We have some dining room chairs that are badly in need of upholstering. After a bit of searching we found the names of the upholsterers who did our sofa about 15 years ago.
Luckily they still had a shop in Reading, but it never seemed to be open whenever we passed. There was no details on the door about opening times, or a telephone number or website to find out how we could make contact. It seemed to be very difficult, if not impossible, to make an appointment.
But we persisted (though goodness knows why), and finally we saw signs of life when we passed the shop during one afternoon (there was a van packed outside with the same logo). We entered and spoke to the proprietor who said, quite laissez faire, ‘Oh, pop them round on Monday and we’ll have them done by Wednesday.’
We chose some suitable fabric that went with our curtains, he photographed its information with his iPhone, and scribbled out a confirmation sheet with our details. We agreed that I would bring the chair seats around on Monday, which I did, and left them with his associate who was busy upholstering a large sofa.
On Wednesday I phoned his mobile number (which had been scribbled at the bottom of our copy of the confirmation sheet) to find out how far our seats had got. They hadn’t. I said I would have to collect my seats as they were because we had nothing to sit on at our dining room table.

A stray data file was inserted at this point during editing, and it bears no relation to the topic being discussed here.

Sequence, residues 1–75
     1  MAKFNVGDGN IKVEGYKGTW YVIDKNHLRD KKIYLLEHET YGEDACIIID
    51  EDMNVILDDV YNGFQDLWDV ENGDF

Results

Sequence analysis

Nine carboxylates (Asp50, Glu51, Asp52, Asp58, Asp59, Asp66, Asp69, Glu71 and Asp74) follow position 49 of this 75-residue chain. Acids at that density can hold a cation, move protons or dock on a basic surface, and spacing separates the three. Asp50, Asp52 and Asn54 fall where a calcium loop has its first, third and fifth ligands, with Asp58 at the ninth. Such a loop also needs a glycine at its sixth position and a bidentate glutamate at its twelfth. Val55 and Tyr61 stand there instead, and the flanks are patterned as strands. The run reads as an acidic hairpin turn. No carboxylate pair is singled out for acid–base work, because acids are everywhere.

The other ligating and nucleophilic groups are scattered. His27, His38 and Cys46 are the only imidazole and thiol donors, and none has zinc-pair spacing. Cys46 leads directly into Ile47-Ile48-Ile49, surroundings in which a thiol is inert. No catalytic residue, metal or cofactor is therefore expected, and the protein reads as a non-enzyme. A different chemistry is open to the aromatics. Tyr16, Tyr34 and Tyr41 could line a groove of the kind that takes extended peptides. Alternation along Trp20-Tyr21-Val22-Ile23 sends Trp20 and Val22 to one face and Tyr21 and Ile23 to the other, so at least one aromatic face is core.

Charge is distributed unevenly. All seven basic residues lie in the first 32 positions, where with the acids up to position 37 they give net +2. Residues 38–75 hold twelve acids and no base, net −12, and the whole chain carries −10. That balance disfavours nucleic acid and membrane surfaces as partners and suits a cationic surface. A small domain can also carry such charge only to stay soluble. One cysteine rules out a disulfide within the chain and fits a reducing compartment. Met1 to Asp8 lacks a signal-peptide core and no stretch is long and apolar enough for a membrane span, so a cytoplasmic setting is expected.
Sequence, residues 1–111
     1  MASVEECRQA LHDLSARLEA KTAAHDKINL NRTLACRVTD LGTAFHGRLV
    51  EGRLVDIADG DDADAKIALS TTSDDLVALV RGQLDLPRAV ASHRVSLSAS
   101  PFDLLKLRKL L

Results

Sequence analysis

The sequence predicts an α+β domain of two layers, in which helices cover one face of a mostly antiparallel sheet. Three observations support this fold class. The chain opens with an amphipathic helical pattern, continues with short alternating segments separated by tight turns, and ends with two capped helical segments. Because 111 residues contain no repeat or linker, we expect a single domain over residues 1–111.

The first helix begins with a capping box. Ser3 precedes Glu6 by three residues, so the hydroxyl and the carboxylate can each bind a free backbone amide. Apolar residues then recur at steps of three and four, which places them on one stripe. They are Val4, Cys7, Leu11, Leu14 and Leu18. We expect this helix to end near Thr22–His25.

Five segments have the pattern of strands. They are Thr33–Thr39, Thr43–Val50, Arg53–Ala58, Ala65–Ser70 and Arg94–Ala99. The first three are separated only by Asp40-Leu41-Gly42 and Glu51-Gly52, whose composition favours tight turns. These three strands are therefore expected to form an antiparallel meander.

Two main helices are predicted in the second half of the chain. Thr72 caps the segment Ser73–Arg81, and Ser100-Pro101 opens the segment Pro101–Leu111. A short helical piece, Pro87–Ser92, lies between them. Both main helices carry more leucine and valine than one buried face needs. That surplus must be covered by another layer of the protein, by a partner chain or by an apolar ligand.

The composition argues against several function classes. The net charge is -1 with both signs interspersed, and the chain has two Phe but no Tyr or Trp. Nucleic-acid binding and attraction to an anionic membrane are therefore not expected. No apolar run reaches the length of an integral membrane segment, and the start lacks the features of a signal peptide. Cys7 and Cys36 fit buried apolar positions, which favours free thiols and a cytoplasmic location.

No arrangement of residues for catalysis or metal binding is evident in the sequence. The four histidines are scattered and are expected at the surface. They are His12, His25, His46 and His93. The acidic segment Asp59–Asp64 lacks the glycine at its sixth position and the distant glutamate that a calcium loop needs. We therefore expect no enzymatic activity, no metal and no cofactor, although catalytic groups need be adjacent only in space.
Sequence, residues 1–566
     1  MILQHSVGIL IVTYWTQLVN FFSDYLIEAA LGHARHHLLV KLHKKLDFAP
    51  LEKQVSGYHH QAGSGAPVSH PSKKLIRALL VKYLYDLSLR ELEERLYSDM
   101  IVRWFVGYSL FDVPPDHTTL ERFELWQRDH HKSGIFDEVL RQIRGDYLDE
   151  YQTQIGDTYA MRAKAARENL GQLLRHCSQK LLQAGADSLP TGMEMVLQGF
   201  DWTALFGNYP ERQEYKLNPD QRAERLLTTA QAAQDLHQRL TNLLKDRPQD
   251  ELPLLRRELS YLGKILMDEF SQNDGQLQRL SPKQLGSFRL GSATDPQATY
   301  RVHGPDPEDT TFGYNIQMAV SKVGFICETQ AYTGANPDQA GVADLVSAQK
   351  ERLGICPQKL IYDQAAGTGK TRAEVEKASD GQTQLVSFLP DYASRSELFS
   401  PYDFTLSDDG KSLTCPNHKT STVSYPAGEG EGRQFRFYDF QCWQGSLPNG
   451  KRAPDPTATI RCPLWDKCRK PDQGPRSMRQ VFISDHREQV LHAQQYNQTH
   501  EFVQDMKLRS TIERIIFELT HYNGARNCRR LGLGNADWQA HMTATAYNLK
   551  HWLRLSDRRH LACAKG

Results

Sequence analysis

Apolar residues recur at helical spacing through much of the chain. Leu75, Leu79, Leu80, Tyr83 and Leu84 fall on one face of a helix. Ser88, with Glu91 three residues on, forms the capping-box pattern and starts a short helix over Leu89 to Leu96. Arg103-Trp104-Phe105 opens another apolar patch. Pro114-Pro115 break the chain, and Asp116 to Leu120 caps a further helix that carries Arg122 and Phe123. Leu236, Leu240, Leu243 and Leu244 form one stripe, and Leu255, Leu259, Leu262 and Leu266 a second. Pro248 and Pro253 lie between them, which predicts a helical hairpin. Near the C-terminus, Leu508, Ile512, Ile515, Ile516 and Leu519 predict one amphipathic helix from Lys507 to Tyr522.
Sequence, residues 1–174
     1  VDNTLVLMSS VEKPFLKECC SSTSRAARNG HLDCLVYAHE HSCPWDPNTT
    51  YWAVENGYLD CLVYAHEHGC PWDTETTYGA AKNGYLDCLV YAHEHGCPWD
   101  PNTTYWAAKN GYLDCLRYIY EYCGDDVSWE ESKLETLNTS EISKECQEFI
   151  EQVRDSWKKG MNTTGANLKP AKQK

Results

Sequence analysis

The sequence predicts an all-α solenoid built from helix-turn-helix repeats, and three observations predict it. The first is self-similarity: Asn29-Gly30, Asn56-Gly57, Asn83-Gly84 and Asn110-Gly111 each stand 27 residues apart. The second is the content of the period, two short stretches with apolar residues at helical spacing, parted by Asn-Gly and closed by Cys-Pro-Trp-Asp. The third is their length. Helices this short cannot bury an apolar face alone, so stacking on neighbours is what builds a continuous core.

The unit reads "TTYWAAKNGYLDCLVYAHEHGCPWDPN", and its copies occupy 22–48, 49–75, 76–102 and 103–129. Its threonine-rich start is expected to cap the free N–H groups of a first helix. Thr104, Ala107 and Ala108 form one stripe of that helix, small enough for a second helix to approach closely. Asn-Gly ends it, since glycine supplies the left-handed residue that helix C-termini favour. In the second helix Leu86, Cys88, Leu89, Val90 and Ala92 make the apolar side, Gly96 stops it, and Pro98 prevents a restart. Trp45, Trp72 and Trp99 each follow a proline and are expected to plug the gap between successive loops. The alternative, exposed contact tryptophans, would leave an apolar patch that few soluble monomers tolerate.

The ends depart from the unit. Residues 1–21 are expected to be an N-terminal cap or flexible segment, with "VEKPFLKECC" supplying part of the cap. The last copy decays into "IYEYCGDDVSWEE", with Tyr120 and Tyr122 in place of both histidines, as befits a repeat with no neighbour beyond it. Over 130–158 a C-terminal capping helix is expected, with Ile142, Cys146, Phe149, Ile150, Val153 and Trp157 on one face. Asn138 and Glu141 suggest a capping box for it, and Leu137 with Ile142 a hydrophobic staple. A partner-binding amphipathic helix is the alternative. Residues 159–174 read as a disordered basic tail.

When I arrived at the shop he was there. I asked where our seats were in his work schedule. He looked blankly at me. I asked if had he ordered the material yet. Oh yes, he had, but it was coming with another order so he wouldn’t have to pay for extra transit charges. Certainly I appreciated his logistics criteria, but this was something he should have told us when we paid our deposit, and we would have arranged to drop off the seats to coincide with the material’s arrival.
As it happens, I don’t trust his ‘scheduling’ any more, and a call to his mobile is certainly in order to prevent a wasted journey to his shop once more.
The moral of this post is: he wasn’t considering his customers’ needs. It’s no good having seats wasting their time in his shop not getting upholstered for weeks on end when there is nothing for us to sit on at home. It’s no good saying ‘Oh, drop them off on Monday’ when he knows he won’t have the material by then. It’s no good not having a schedule of work sorted out so he can give realistic lead times as to when our seats will be ready. And it’s no good not having any contact details visible on his shop when it’s closed.
I asked my husband how he managed to get away with being so disorganised, and he suggested that as there was very little competition in his trade, he probably could do what he liked and there would always be work. Hmmm, I wonder for how long though, if he carries on like this…